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NC lawmakers won't act on part of US health reform

North Carolina lawmakers have no plans to meet a deadline to create a new one-stop shop to help individuals and small businesses find affordable health insurance despite a landmark U.S. Supreme Court ruling.

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RALEIGH, N.C. — North Carolina lawmakers said Thursday that they have no plans to meet a deadline to create a new one-stop shop to help individuals and small businesses find affordable health insurance despite a landmark U.S. Supreme Court ruling.

State Senate President Pro Tem Phil Berger said senators do not intend to take up legislation to create a health benefit exchange before they adjourn next week. The 2010 federal health care overhaul requires all states to have an exchange. Legislation passed the state House last year.

State plans for the markets are due to the federal government by this fall. The federal government will create exchanges for states that don't have them by 2014. Only 14 states and Washington, D.C., have adopted a plan for carrying out the law creating exchanges that steer middle-class households to private plans.

North Carolina's high-risk insurance pool, which is designed as a stop-gap until the state's health exchange is in place, is among the fastest-growing in the nation, with 14,500 people signed up, according to Michael Keough, executive director of Inclusive Health, which operates the pool.

"We're happy to continue playing the role for whatever time in necessary as sort of the insurer of last resort in the state," Keough said. "We're hoping, for whatever time we have left, to continue to raise awareness and help people who need coverage."

Business owners balk at mandate

Gregg Thompson, state director of the National Federation of Independent Businesses, said he was disappointed by the Supreme Court's ruling upholding the Patient Protection and Affordable Care Act. NFIB joined 26 states in challenging the law.

"We are concerned about the precedent that this will set in Congress’ ability to mandate other aspects of our lives, but we will move forward from today to continue to fight, harder than ever, for real health-care reform for our membership," Thompson said in a statement.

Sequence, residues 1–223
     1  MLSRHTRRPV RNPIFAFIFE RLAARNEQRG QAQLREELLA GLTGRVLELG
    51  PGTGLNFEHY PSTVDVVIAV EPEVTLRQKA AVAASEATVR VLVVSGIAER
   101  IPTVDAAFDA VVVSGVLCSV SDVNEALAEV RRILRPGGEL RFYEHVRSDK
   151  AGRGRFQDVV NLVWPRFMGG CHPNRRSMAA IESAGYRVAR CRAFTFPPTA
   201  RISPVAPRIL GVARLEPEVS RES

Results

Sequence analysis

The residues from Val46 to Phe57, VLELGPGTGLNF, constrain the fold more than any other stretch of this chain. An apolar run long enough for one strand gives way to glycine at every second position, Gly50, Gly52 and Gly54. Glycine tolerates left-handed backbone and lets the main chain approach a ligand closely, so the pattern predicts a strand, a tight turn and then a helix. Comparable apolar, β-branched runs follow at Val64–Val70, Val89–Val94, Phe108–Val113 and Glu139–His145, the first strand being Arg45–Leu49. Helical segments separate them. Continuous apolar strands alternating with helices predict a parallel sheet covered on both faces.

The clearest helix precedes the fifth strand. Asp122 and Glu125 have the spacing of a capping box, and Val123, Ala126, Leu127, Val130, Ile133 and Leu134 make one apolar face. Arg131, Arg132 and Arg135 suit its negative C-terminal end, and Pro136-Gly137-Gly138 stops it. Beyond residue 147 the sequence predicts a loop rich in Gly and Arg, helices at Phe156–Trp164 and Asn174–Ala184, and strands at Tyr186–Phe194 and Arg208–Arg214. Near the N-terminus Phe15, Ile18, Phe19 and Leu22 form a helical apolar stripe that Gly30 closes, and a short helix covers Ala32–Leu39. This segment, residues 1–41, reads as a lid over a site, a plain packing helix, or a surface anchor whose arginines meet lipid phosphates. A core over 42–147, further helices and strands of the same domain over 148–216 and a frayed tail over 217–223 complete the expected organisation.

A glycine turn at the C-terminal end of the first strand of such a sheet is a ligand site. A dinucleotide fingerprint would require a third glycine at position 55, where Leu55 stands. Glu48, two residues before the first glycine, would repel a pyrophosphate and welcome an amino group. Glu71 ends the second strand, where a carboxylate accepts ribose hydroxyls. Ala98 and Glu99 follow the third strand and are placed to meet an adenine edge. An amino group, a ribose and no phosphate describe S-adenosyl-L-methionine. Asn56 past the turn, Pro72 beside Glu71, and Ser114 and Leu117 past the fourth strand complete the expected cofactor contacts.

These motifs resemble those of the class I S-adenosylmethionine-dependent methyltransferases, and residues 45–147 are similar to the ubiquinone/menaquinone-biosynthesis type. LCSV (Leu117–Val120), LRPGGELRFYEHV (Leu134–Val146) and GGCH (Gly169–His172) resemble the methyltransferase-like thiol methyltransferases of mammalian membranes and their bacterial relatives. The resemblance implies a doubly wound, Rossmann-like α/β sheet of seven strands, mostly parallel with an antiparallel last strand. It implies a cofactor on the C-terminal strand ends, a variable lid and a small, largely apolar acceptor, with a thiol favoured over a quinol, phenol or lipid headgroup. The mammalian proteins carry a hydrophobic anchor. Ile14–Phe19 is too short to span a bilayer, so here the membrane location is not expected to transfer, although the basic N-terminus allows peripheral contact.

Small-business owners will now "face an onslaught of taxes and mandates," he said, which will force some to lay off employees and others to close altogether.

Mark Friedman, chief operating officer of UAI Technology Inc., which advises businesses on retirement and health plans, said a health benefit exchange, whether it's run by the state or the federal government, could save some businesses money by giving them an opportunity to drop their own health coverage.

"What really needs to happen now is that companies need to decide if they want to be in the business of providing health insurance to their employees or whether they want to consider letting employees go to exchanges," Friedman said. "So, it's a new option for employers."

The court's ruling also means that more than 1 million uninsured North Carolina residents will have health coverage, said Pam Silberman, president and chief executive of the North Carolina Institute of Medicine.

The organization has been tasked with making recommendations to the state for how best to implement the 450 provisions of the health care law.

Silberman said the law also includes provisions that will improve the quality of care and preventive medicine, but she said meeting the 2014 deadline for establishing a health exchange – and linking an expanded Medicaid program to the exchange – will be a challenge for the state.

State Insurance Commissioner Wayne Goodwin said the Department of Insurance will use its authority to protect North Carolina consumers and maintain a well-regulated insurance market.


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